Turning off highway Y31 and onto 98th Street you will start the winding drive into Maquoketa Caves State Park. The first point of interest is a visitor’s center and museum located at the intersection of highway Y31 and 98th Street. Continuing into the park the landscape becomes densely wooded. Park features include 16 caves with public access, 6 miles of hiking trails, group camping area, parking, restroom facilities, a playground, picnic shelters and a campground.
The campground is nestled in a tall stand of white pine trees. The smell of pine is pleasant as you set up camp. All trailer sites are back-in type and in full shade or partial shade. The camp site pads are level with a crushed stone base. 17 of the 29 campsites have electrical and some of the non electric sites are hike-in type for tent camping. Campers my want to know that site number 1 is in an isolated spot next to a maintenance building.
The campground shower and restroom facilities are well maintained. In the past, people have used the bathroom facilities to wash up after crawling through caves which made it a challenge to keep them clean. In the summer of 2008 a wash off station for cavers was created in the upper picnic area. The station consists of a deck around a water hydrant with a hose and spray nozzle. Park staff says that it has helped immensely in the cleaning of the restroom facilities.
At the entrance to the camp ground there is a clean and functional dump station with potable water. Vehicles with trailers in tow can easily pull through the dump station.
Trails and Caves
The main entry point to the trails and caves is at the parking lot on 98th Street. You will also find an information kiosk with maps, a large group shelter and restrooms. If you head out on the trails to the north you will immediately encounter the Natural Bridge and Dance Hall Cave. These are considered the signature attractions of the park and can be explored by walking. The rest of the caves in the park require you to hunch over or crawl on your belly. You will get dirty exploring these caves so an extra change of cloths is recommended. In addition, bring two light sources, a helmet and knee pads.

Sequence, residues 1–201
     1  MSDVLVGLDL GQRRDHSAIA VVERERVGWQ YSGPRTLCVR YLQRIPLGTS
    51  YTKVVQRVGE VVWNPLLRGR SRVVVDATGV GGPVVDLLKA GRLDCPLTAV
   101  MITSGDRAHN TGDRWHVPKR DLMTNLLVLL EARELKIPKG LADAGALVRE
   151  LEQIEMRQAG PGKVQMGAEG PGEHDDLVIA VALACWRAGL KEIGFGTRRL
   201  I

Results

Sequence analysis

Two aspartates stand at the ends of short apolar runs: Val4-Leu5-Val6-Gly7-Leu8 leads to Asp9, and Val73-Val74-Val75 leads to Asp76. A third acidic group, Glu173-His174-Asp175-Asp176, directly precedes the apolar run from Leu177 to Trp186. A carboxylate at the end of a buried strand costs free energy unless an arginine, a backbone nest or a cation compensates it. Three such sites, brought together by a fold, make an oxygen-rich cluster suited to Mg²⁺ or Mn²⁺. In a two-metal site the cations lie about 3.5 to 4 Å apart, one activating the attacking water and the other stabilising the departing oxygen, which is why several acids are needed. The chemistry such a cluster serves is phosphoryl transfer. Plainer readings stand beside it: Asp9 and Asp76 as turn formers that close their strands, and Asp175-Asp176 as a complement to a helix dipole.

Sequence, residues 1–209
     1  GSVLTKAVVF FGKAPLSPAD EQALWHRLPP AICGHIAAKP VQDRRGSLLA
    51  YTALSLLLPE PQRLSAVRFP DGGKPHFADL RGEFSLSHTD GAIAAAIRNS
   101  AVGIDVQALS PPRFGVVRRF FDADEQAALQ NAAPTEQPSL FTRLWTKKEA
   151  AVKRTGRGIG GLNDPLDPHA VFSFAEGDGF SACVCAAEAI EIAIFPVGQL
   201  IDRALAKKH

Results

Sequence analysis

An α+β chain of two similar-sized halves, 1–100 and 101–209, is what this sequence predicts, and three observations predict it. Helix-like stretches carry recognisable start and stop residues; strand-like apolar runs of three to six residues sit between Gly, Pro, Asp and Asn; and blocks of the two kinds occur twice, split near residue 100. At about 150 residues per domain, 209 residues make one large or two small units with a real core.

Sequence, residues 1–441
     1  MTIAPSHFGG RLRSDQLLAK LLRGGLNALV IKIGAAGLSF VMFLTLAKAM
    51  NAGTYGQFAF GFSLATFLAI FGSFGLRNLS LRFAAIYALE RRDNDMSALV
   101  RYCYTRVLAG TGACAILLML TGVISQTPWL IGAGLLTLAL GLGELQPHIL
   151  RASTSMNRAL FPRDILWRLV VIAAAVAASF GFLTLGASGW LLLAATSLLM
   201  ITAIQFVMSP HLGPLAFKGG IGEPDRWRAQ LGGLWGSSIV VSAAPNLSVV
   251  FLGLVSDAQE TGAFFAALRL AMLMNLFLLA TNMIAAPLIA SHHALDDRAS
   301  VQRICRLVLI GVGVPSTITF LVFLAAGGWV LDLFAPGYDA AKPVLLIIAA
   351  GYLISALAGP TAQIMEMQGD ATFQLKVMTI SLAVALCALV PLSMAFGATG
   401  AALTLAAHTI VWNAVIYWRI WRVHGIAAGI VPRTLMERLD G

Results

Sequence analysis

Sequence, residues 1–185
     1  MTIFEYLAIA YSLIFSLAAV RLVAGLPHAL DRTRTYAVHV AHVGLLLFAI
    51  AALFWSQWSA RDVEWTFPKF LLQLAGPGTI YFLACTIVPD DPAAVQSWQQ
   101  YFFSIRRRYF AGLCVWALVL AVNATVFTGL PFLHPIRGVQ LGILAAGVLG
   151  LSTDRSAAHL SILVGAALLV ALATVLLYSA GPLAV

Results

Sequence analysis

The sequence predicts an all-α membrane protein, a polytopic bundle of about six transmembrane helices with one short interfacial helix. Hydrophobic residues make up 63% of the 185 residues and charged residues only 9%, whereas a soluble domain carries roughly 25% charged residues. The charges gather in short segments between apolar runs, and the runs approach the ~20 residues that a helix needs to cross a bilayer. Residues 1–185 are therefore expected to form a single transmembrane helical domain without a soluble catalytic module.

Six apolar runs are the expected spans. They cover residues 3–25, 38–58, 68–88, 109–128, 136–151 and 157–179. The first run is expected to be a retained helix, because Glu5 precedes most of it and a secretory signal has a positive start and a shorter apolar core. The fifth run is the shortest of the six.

There are 8 caves to explore to the north of 98th street and the trail system here is very manageable. However, if you don’t want to exert yourself then stick to the trails in the valley around the Raccoon Creek. If you want the complete trip add the Ridge Trail and take it back to the parking area.
The trail system on the south side of 98th street is more extensive and rugged. The remaining 8 caves are in this part of the park and accessing them is made easier with board walks and stairs. For a change of scenery, follow the Upland Prairie Foot Trail to see some prairie restoration projects.
Maquoketa Caves State Park is a fun place to go. The accessibility of the caves creates a natural playground for visitors. It’s not the largest park in Iowa but there is more to do here than in many other Iowa state parks.